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Old 11-10-15, 12:26 AM
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A lot of bikes were still using slack frames and long wheelbases into the 70s. Especially lower priced bikes. Huffy and Columbia were building bikes with 68° frame angles, and on shorter frames most companies used such slack angles to help fit standard sized wheels on as small a frame as possible.

The inconvenience of the high top tube was probably not immediately realized, people having just come from high wheel bikes - also in theory I suppose it makes for a stronger bike overall - less stem and seat post to flex.
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Old 11-10-15, 08:43 AM
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My grandfather rode one of the original big wheeled bikes in the annual parade held in Zionsville IN into at least the middle 50's. He lived on a farm about 5 miles from town and he rode it to town and back home as well as in the parade. I was just a youngster at the time. He rode a Schwinn for daily transportation. He always had a sizeable club sticking out of the handle bar end to fend off dogs. It was his "dog knocker". Many farmers had large, aggressive watch dogs.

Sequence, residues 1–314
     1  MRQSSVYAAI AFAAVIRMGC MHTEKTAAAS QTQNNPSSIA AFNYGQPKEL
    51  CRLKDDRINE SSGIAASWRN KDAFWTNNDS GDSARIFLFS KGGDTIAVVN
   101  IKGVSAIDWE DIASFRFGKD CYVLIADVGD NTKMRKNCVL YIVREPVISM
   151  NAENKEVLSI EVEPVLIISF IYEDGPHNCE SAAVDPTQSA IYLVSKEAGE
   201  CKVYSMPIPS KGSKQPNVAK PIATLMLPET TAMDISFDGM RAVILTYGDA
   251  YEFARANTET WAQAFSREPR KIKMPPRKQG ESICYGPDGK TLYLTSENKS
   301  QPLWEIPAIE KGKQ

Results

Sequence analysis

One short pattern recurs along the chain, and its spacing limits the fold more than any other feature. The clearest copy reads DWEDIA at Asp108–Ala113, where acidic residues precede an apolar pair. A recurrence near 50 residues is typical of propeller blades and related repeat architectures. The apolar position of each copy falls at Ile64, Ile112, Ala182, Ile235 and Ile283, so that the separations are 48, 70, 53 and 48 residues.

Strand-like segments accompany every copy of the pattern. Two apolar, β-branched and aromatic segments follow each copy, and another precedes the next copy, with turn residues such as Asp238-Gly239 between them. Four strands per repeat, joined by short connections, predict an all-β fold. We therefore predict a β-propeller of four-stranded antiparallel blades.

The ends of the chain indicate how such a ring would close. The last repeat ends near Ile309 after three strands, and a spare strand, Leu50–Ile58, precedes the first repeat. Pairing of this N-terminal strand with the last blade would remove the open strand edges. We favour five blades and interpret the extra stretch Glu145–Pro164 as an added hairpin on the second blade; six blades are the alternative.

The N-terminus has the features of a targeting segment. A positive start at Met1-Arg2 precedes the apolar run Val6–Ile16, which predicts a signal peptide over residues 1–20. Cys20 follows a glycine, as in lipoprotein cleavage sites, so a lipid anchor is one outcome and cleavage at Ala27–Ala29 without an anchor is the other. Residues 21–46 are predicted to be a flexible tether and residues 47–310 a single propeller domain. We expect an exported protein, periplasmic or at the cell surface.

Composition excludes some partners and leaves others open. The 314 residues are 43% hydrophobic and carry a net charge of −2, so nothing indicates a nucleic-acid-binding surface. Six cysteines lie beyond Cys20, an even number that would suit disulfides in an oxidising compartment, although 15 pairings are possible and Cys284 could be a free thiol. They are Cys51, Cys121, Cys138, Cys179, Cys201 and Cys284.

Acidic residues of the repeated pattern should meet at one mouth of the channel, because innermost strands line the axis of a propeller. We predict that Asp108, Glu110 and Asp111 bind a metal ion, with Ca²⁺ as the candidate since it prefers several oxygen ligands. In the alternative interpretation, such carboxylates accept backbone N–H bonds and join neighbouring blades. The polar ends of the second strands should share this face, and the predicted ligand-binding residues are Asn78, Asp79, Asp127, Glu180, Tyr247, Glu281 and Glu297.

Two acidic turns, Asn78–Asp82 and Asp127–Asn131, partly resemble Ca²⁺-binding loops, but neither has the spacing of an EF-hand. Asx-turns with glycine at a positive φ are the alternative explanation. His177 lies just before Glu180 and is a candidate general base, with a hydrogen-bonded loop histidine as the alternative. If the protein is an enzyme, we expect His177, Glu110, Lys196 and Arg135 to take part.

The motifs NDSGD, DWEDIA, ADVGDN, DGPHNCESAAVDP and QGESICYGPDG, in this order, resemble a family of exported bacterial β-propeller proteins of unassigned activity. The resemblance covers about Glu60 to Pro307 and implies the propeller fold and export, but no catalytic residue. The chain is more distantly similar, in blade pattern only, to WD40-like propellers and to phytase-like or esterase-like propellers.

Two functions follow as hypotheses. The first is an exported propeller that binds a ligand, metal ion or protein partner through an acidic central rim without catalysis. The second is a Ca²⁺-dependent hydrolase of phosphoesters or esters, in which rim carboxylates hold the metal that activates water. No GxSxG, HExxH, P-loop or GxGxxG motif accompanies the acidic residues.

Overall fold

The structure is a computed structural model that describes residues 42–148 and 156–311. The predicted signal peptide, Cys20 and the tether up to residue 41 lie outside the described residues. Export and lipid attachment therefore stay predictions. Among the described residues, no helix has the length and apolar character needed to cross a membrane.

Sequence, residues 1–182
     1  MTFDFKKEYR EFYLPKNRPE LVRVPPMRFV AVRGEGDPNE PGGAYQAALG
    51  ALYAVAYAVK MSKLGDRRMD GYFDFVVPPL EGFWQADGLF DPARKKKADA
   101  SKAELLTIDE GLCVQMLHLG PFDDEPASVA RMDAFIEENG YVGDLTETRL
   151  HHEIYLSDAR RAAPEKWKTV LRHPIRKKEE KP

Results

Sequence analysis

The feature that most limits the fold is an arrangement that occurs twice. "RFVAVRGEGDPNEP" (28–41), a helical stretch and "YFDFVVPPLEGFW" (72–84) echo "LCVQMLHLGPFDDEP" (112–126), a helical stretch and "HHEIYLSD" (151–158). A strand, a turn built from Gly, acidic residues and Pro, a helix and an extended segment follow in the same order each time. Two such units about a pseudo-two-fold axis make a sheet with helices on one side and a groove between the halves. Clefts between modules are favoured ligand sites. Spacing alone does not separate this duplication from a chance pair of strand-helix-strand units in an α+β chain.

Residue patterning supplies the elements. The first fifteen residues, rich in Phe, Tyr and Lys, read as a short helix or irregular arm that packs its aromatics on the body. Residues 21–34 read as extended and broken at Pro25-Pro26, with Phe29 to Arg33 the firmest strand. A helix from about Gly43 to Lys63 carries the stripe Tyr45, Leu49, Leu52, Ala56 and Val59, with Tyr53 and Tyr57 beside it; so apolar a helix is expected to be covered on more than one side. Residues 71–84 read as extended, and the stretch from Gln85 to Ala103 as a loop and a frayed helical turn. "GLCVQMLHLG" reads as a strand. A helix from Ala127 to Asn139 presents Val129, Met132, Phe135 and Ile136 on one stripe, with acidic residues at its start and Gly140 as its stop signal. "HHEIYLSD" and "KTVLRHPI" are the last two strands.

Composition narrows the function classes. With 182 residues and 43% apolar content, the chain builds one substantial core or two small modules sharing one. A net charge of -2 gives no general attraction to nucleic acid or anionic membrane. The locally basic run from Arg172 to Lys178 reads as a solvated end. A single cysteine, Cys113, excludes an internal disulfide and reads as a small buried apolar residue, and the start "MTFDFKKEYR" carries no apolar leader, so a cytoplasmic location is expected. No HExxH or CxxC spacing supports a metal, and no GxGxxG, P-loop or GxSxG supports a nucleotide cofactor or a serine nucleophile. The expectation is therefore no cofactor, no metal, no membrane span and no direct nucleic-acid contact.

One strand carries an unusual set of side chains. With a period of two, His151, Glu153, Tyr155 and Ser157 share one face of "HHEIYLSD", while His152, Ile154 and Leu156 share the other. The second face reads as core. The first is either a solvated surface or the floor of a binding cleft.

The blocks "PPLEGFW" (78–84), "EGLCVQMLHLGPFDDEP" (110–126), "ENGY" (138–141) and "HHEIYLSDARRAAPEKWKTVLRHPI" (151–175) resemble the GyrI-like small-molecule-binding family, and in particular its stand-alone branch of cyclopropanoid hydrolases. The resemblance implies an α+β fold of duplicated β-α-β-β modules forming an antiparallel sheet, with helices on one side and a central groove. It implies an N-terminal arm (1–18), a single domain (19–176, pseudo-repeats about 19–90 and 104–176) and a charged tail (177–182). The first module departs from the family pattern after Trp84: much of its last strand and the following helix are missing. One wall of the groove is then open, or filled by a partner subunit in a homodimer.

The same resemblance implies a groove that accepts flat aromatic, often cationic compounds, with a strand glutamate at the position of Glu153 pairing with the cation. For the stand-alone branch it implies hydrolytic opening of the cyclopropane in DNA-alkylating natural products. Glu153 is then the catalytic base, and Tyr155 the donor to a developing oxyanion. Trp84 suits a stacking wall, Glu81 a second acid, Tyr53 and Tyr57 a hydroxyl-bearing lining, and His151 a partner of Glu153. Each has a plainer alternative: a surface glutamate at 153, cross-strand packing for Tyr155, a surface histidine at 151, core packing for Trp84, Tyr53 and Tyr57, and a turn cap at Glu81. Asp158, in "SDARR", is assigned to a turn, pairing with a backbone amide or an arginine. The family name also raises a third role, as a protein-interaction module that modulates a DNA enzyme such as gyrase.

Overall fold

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Old 11-10-15, 09:10 AM
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My family was playing music at a festival where a guy who made replica high wheel bikes was showing off his craft. We were easily drafted into demonstrating for him. Imagine 5 kids rolling around a parking lot like shriners on high wheel bikes! It was a blast. One of the kids with us didnt really understand the brake and rolled over the front wheel, but he and the bike were unhurt.

We also have a guy who rides critical mass in Cleveland, OH with his high wheel bike.